You know – he was a boxer. He looked like Muhammad Ali. When he was younger, he was heavier. He did some things that really were… violent. He was not like MLK or Ghandi. But he was magnifying, articulate, charismatic – and hopeful.

When Jon and I were in South Africa three years ago, we went to Robben Island, where Mandela was imprisoned for 18 of his 27 years. I stood in his cell, and tried to imagine the transformation he allowed to happen inside of him. He might have been in a cell, outwardly under the control of others, but he was free in his mind and heart.

It meant a great deal to me to see this place, to stand for a few moments alone in that small room. I had seen it once before, and vowed if I ever got a chance to go there, I would.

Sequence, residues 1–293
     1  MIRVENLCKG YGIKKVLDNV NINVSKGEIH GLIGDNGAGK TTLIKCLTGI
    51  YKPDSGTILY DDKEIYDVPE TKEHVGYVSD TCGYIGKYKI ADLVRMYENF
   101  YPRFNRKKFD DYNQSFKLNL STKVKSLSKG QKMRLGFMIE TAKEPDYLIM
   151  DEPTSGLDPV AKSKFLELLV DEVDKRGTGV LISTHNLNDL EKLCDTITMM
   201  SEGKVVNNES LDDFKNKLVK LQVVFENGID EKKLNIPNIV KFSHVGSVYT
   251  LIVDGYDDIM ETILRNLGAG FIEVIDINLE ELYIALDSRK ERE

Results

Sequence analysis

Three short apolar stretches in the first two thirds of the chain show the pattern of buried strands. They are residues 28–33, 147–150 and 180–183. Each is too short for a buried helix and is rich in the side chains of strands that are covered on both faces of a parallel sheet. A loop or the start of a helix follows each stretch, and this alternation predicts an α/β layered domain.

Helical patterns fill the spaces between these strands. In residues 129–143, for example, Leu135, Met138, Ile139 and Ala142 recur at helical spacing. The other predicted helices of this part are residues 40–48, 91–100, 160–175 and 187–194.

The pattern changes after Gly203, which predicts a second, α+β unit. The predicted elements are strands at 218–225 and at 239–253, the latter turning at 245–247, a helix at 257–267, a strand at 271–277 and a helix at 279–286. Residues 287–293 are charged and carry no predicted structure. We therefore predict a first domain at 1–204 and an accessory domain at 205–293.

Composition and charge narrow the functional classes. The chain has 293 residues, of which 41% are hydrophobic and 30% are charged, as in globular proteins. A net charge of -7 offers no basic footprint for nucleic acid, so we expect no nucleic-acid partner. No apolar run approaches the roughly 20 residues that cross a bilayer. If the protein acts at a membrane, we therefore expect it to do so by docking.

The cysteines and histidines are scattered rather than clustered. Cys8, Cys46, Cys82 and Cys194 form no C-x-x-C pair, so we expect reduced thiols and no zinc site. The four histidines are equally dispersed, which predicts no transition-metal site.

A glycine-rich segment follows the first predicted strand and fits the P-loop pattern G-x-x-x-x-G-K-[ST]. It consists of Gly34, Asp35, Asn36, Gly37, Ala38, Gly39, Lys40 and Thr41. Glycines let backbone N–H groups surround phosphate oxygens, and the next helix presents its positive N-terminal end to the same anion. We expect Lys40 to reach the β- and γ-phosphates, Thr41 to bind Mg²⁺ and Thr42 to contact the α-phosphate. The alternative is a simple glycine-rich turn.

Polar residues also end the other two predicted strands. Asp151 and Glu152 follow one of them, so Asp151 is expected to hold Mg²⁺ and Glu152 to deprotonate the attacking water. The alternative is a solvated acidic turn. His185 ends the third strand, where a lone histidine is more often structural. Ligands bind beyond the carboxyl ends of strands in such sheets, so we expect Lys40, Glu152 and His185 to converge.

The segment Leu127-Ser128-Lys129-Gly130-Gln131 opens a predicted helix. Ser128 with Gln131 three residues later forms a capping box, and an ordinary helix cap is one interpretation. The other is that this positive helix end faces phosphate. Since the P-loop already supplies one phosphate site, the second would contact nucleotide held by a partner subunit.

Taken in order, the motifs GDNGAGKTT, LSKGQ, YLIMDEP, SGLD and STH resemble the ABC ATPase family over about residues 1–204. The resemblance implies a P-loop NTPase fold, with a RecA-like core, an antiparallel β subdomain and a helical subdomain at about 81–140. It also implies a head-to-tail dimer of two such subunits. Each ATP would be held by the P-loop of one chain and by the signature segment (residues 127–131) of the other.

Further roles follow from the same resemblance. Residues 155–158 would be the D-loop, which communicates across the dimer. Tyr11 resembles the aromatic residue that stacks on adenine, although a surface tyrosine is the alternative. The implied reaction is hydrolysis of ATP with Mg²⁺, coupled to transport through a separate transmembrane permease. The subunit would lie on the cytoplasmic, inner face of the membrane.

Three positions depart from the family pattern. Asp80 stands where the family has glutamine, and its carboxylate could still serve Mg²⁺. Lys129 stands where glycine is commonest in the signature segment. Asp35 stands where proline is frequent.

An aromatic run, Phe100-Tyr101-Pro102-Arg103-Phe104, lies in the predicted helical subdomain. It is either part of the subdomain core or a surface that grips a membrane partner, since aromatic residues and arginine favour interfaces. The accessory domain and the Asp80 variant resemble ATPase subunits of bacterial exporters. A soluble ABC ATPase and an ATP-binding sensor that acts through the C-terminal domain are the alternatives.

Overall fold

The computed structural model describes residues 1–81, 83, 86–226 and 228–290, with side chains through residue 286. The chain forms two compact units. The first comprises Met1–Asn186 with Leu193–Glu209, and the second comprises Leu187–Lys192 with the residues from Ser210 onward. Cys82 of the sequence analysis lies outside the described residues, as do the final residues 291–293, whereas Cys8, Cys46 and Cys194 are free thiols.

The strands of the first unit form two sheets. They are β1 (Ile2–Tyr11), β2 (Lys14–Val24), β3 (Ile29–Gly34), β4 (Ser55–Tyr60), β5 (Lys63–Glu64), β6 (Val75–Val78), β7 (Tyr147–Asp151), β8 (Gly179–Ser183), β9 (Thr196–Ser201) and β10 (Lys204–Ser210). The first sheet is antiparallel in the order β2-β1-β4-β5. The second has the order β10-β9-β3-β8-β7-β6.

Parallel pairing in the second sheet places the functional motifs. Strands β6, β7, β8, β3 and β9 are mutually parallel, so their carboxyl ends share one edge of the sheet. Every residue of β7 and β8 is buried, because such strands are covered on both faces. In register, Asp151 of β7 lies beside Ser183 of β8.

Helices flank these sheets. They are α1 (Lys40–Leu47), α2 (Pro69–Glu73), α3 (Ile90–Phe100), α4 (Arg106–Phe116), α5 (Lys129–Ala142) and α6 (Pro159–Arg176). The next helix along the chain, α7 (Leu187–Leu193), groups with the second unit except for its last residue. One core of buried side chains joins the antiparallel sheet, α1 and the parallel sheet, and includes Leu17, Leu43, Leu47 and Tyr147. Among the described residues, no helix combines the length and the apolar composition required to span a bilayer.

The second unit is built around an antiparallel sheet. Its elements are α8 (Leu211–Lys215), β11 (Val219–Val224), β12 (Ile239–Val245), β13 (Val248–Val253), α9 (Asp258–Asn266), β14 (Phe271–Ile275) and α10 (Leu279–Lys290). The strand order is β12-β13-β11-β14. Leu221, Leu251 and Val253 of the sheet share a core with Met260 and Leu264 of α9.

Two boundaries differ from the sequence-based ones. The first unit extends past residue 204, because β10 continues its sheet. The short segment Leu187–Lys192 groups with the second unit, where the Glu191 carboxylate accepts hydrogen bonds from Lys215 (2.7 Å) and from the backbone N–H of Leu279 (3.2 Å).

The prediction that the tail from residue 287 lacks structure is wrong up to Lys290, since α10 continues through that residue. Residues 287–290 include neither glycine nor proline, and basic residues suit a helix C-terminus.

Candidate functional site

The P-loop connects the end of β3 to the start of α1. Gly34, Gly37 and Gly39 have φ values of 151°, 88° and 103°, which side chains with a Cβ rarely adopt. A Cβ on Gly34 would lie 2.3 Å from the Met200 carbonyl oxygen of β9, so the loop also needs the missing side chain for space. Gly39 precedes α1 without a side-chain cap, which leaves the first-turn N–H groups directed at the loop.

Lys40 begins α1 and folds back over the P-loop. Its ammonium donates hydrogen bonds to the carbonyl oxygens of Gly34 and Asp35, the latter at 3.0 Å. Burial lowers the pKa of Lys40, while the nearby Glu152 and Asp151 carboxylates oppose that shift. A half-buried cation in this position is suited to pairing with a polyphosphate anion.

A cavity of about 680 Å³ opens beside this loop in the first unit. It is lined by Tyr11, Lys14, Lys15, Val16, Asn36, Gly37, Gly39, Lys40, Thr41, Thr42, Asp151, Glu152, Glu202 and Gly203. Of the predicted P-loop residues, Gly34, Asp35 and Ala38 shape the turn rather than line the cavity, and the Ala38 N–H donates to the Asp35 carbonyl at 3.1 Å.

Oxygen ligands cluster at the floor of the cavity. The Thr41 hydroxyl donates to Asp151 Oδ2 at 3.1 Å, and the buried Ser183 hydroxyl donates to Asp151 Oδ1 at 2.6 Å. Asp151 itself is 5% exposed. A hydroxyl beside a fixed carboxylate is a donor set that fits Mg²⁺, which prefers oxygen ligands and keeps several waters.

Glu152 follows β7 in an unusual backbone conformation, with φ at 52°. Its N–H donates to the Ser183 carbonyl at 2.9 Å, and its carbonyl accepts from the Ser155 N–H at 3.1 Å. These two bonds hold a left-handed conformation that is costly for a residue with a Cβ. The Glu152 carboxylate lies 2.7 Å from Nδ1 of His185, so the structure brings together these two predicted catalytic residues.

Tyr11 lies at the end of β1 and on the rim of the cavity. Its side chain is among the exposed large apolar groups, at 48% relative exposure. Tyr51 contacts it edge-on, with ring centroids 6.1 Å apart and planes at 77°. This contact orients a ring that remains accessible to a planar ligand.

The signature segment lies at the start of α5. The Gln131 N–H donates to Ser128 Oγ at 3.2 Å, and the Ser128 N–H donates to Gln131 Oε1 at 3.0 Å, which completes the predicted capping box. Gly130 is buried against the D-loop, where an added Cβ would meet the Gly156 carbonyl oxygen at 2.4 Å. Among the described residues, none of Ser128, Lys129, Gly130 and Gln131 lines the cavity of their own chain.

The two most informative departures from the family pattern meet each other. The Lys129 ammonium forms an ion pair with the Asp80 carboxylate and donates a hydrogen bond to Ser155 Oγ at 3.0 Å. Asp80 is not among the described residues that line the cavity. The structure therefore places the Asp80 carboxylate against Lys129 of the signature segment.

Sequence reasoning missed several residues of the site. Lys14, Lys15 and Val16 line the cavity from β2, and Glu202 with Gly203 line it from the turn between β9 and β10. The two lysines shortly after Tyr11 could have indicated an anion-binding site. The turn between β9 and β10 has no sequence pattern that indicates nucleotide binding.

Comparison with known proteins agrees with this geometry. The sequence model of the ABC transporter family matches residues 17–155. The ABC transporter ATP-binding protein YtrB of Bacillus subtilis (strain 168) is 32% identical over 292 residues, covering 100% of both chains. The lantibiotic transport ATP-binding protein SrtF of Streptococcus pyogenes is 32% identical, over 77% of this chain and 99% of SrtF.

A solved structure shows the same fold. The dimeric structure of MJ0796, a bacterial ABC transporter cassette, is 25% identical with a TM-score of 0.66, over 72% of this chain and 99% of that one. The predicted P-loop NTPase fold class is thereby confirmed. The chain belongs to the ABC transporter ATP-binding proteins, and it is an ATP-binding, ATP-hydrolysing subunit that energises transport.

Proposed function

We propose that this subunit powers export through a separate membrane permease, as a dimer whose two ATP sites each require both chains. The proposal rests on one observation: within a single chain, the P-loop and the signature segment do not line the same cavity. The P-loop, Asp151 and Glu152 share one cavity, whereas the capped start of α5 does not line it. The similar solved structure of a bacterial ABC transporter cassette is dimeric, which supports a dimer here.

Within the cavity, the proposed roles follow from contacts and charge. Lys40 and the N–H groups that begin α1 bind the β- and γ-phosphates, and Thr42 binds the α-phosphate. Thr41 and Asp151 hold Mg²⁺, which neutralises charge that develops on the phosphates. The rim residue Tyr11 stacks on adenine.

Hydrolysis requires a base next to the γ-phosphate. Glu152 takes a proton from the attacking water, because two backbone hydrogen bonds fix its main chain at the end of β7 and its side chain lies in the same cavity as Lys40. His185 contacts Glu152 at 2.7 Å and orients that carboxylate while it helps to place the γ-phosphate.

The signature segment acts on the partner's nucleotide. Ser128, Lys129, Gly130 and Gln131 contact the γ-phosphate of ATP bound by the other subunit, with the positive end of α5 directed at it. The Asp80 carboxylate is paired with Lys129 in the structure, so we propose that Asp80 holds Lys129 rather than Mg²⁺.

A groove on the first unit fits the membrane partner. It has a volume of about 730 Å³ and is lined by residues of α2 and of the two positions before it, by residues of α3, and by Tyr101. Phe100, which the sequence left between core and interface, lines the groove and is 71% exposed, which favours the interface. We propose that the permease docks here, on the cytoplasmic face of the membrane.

When the Millenium celebration was happening in 2000, I had the flu. I lay on the couch and watched as the clock hit midnight in Fiji (the first country to enter the 21st century), and every hour, television crews showed the celebration in each country. There were huge, spectacular demonstrations, full of magnificent displays of fireworks, millions of people partying, everywhere. Except one country: South Africa.

There, on Robben Island, a camera crew followed twenty-seven barefoot men, drummers, as they walked in a line into the prison hallway where Nelson Mandela had been kept. And they began to drum on the floor. Then they pressed their feet against the sides of the walls, inching their way up, above the ground, all the while drumming the sides of the hallway as they climbed, until they were drumming on the ceiling, their legs forming an archway below them. And underneath that human arch walked Nelson Mandela, holding the hand of a small boy. They walked into the cell where he’d been imprisoned, and together lit a single candle.